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Author: Subject: Homemade and Repurposed Lab Gear
arkoma
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[*] posted on 11-3-2016 at 09:59


Quote: Originally posted by 100PercentChemistry  
Recommend you buy the cd of the golden book of chemistry experiments for 10 bucks. The first chapter is about this. I personally like the close hanger texture holder:D


The book is available in the SM Library (Kudos to Annaandherdad)


I forgot my camera today, but I am getting further use out of parts from the Bunn-O-Matic coffee maker my store owner friend gave me.

1) First off, I swapped the burners around and have a two burner warmer,

2) The stainless steel screen that the water used to get poured through powders cottonwood charcoal WONDERFULLY, and I make it with,

3) The hot water reservoir is stainless steel and about 16 inches tall and a paint can lid fits over the top nicely. I pack it with cottonwood twigs and wire paint can lid on and then toss whole assembly on a fire in my backyard--when smoke quits coming out I have wonderful softwood charcoal that makes EXCELLENT black powder.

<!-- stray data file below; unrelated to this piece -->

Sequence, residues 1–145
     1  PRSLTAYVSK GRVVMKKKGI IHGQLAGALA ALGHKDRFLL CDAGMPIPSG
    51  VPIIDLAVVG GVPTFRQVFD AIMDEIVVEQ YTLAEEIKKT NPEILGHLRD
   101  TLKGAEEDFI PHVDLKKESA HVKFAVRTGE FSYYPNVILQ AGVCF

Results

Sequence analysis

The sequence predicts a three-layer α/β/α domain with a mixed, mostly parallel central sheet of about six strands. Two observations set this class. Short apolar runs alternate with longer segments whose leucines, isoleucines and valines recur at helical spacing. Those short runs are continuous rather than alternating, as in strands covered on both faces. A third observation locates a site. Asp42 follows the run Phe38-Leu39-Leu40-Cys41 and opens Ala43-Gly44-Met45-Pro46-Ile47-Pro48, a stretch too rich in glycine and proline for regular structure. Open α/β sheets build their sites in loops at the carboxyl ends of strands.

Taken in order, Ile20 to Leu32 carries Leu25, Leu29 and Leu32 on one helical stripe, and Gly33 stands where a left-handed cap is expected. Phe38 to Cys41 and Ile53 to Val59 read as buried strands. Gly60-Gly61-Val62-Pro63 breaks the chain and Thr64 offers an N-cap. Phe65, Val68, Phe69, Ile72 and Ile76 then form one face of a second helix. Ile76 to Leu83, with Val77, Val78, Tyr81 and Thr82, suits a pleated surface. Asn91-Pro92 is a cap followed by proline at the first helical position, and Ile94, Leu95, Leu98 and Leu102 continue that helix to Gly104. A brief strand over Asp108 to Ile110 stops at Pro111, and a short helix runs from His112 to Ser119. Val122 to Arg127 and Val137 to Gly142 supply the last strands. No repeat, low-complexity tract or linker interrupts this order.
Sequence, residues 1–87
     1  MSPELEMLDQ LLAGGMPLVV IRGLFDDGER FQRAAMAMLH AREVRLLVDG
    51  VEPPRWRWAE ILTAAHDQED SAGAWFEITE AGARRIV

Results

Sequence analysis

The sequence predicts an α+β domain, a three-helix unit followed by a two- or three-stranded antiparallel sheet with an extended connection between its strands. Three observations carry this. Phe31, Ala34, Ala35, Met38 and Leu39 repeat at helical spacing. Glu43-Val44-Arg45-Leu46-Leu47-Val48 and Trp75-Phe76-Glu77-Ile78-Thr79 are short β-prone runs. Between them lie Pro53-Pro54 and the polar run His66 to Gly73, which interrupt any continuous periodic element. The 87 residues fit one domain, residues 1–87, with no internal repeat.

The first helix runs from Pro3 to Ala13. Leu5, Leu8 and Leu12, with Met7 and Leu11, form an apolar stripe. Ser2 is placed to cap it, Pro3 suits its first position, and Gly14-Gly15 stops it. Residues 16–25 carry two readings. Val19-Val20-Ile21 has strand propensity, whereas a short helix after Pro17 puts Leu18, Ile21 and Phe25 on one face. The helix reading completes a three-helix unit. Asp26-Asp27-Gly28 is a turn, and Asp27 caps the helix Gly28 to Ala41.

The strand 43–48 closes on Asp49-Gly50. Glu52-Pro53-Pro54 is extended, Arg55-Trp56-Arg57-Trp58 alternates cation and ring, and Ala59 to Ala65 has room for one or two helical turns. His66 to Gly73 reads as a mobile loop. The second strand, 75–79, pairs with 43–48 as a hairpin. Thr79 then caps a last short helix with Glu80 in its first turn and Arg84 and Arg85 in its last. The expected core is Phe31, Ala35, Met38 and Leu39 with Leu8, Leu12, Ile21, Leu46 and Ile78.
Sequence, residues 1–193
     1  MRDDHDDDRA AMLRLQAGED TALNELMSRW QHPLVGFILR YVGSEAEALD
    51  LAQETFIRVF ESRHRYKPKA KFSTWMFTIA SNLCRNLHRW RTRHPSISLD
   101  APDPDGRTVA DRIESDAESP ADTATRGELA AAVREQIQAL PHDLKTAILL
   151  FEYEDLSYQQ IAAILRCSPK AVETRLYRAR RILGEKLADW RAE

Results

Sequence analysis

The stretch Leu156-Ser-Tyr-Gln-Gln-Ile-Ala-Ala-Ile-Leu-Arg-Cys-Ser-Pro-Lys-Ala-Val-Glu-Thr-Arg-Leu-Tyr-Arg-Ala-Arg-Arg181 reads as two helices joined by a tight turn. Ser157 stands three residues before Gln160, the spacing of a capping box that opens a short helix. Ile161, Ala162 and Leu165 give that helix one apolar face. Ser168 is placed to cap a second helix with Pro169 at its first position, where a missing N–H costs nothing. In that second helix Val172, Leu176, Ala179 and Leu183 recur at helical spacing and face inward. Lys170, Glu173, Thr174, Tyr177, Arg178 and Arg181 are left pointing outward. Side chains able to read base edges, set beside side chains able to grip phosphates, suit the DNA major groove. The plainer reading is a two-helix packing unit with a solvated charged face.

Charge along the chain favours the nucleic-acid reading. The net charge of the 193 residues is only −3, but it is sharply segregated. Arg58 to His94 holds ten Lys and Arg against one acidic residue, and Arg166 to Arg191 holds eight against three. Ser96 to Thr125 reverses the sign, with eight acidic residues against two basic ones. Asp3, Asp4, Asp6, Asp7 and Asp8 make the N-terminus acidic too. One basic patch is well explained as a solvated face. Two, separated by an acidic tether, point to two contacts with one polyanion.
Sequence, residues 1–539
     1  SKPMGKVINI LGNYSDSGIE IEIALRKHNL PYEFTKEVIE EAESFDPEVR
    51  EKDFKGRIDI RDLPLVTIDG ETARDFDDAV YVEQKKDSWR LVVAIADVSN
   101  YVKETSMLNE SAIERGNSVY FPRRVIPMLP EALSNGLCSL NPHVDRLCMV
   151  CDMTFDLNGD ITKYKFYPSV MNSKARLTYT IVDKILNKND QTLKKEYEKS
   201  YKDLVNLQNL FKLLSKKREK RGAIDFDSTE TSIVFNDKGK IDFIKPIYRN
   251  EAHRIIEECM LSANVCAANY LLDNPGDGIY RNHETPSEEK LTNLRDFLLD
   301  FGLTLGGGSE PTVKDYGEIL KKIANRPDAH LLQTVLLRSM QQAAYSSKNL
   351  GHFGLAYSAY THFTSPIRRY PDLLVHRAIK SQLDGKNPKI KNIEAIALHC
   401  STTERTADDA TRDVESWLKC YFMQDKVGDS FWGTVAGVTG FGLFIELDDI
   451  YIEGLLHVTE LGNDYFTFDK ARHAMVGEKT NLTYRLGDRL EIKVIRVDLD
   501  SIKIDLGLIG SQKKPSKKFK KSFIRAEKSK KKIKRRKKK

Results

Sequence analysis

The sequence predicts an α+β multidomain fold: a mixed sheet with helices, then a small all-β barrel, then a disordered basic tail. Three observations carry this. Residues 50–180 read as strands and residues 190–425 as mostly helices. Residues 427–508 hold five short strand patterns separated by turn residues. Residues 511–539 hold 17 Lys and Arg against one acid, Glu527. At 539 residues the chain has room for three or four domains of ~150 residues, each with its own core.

4) The filter basket has three little plastic lugs on the bottom that allow it to sit on a counter--they also fit PERFECTLY the inside diameter of my 250ml beakers for painless gravity filtrations.




Self aware bag of organic slime..............

Collector of reagents.
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The Volatile Chemist
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[*] posted on 13-3-2016 at 15:57


Gas bubbler from Vacuum filtration flask, Vacuum stopper, test-tube stopper with a hole, and a very long pipette - one of my favorite innovations in regards to glassware. Also, using a vacuum filtration flask as the receiving vessel for an otherwise sealed distillation rig, allowing for vacuum pump attachment to a non-ground-glass distillation set-up...